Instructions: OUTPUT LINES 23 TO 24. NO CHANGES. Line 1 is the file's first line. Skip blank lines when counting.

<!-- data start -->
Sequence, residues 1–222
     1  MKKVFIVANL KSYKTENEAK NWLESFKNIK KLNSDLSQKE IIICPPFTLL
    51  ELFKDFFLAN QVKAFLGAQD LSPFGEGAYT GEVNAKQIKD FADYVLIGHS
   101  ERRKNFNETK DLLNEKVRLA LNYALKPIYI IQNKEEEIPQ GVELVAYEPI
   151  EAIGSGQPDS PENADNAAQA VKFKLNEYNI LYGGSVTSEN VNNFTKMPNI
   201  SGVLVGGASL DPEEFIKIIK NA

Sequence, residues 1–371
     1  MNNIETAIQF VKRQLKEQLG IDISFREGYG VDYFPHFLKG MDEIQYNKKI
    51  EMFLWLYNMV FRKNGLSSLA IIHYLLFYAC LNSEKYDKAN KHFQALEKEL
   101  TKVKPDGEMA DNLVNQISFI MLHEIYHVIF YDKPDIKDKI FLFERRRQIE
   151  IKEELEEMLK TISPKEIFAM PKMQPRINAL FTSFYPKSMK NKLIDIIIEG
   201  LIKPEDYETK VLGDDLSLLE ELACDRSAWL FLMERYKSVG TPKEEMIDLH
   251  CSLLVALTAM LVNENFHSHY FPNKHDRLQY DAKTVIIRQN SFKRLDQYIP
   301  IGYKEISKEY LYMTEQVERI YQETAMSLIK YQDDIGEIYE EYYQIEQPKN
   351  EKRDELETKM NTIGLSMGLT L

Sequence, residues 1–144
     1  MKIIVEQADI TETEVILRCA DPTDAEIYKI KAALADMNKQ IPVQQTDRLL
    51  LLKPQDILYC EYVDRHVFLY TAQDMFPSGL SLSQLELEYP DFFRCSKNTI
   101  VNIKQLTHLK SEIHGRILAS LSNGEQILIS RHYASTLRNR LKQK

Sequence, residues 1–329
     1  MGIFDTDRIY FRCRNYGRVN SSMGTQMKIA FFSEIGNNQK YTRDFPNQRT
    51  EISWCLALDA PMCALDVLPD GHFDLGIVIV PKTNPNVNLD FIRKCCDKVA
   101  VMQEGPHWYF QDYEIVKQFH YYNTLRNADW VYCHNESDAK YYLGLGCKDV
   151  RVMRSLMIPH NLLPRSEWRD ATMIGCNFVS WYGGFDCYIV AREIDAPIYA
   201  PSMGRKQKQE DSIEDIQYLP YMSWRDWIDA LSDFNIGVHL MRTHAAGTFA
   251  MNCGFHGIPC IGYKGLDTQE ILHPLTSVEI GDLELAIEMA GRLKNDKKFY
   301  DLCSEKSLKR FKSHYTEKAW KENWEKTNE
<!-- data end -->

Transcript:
   101  VMQEGPHWYF QDYEIVKQFH YYNTLRNADW VYCHNESDAK YYLGLGCKDV
   151  RVMRSLMIPH NLLPRSEWRD ATMIGCNFVS WYGGFDCYIV AREIDAPIYA